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We Hold These Truths to be Self-Evident. . .

This month marks, as it does annually, the observance of the Nation’s founding with a document known popularly as, The Declaration of Independence. The correct title is: The unanimous Declaration of the thirteen united States of America.[1]

Thomas Jefferson, consider final author of 'The unanimous Declaration of the thirteen united States of America.' With regards to revolution, Jefferson once observed, '. . . the tree of liberty must be refreshed from time to time with the blood of patriots and tyrants. It is its natural manure.

The spelling is as it appears; but, of greater significance, the implications. Thirteen autonomous entities or colonies, which jealously guarded their political make ups, traditions, social structures, economies, coming together for common purpose; that is, to evict what is considered an oppressive overseer, the British crown. Not only are the fifty-six signers proclaiming their divorce from an affiliation with the globe’s ranking imperialist power, but it is also a declaration of war, against that colonial power; in addition, to offering that these thirteen separate entities are states that comprise the United States of America. For those attempting to do the math, that is eleven years before the Constitution and attendant Bill of Rights: The former was the blueprint for limited, elective, Republican government;[2] while the latter outlined the protections against the infringements by government. Indeed, the constant refrain, across the spectrum of the American population, including most elected officials, that this nation has a form of government that appears nowhere in the Constitution, “Democracy.” Go look, you will not find same.[3]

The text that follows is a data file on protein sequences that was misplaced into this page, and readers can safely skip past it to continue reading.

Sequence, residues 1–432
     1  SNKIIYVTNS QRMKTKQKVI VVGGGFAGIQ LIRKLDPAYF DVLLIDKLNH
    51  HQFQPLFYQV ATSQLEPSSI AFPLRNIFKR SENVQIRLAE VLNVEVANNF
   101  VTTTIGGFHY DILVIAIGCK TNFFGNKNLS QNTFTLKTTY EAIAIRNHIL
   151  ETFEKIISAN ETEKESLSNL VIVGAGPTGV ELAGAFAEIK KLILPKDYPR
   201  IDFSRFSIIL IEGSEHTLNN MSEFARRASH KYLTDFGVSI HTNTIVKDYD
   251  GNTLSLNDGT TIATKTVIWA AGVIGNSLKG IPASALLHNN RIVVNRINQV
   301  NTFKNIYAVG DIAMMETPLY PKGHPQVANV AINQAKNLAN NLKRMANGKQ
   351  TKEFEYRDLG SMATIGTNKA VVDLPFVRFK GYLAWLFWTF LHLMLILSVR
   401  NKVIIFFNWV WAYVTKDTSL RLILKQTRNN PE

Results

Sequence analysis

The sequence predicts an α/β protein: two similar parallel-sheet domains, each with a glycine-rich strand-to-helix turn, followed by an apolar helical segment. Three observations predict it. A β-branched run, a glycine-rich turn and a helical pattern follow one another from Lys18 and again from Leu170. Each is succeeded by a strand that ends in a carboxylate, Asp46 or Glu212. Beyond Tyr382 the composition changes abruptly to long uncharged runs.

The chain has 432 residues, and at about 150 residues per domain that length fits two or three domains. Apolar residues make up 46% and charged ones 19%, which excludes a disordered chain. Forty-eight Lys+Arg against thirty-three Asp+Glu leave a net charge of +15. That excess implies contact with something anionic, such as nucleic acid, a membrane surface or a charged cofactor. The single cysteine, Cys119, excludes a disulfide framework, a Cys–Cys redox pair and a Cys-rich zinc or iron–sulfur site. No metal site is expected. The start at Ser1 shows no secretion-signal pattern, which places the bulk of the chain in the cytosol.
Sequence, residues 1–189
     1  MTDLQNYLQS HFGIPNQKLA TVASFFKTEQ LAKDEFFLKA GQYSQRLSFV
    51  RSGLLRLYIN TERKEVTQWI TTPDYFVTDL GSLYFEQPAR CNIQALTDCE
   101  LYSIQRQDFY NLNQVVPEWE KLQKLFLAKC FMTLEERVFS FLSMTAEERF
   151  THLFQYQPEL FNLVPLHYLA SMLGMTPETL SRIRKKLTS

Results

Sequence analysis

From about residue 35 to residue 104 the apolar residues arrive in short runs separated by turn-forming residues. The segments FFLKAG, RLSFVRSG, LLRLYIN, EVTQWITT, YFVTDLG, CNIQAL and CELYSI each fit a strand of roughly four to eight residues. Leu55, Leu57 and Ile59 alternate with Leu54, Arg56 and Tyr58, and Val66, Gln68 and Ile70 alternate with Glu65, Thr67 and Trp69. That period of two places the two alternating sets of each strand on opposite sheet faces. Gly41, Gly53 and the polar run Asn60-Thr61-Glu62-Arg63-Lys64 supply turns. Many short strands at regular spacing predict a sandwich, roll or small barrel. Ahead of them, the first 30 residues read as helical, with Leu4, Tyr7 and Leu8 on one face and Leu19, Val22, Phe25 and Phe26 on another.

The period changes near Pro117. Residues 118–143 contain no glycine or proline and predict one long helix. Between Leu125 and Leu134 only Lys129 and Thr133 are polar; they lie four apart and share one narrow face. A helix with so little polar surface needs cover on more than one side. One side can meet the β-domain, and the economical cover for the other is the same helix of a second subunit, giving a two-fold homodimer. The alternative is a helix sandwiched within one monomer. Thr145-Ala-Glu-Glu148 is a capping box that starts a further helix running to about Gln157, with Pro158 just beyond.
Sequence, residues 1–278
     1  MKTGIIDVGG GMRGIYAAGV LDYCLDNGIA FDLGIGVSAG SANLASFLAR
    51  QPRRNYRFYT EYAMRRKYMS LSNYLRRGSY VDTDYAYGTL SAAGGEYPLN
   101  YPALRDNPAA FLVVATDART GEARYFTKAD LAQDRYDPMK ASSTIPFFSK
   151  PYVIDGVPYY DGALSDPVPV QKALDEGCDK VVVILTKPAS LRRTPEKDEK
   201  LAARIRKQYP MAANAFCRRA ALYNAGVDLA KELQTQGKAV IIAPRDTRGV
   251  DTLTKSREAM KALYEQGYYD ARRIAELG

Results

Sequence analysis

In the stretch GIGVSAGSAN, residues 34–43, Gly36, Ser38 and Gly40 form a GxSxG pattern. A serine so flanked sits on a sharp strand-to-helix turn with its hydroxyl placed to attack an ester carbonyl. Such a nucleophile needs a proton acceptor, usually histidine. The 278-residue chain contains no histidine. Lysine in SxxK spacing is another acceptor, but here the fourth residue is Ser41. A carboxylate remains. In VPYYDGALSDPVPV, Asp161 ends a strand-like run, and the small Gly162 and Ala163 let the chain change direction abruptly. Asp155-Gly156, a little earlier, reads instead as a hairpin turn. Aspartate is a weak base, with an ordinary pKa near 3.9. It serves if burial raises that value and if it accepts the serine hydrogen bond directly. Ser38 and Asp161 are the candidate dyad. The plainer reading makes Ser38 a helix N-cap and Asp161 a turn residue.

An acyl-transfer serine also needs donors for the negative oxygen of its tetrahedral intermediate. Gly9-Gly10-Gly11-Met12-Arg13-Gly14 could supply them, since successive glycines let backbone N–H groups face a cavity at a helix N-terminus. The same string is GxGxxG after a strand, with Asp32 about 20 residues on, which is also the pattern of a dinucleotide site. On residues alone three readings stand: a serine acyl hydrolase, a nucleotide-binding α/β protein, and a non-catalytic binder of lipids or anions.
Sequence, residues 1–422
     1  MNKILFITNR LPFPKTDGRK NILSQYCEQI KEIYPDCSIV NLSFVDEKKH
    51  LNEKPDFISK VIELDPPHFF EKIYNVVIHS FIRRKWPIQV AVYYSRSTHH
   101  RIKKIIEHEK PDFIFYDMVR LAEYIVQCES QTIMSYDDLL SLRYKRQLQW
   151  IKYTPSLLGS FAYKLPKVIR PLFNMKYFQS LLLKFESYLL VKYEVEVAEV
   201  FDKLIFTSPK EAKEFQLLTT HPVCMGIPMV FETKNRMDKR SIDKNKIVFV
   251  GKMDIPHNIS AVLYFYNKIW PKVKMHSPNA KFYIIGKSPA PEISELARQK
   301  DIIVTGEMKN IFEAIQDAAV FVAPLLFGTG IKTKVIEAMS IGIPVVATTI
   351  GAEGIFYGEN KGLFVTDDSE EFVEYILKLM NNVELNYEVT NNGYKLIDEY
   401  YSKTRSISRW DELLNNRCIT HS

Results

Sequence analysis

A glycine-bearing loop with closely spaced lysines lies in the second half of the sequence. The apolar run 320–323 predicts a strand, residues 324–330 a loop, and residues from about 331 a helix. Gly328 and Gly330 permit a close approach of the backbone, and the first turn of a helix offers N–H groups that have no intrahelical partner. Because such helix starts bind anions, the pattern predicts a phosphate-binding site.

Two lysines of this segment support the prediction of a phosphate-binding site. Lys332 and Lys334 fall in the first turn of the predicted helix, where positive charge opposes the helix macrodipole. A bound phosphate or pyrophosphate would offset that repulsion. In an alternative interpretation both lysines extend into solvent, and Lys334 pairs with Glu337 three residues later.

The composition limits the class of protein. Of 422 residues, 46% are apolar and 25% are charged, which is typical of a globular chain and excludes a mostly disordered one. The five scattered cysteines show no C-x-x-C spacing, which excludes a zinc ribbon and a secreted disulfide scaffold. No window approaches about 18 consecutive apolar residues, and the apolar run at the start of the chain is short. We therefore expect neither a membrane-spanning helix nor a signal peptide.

Same disregard exists with The unanimous Declaration of the thirteen united States of America. Go to any gathering, outing or family picnic in July and this document and the hallowed precepts contained therein are routinely subsumed by beer, beans and baseball. Yet . . .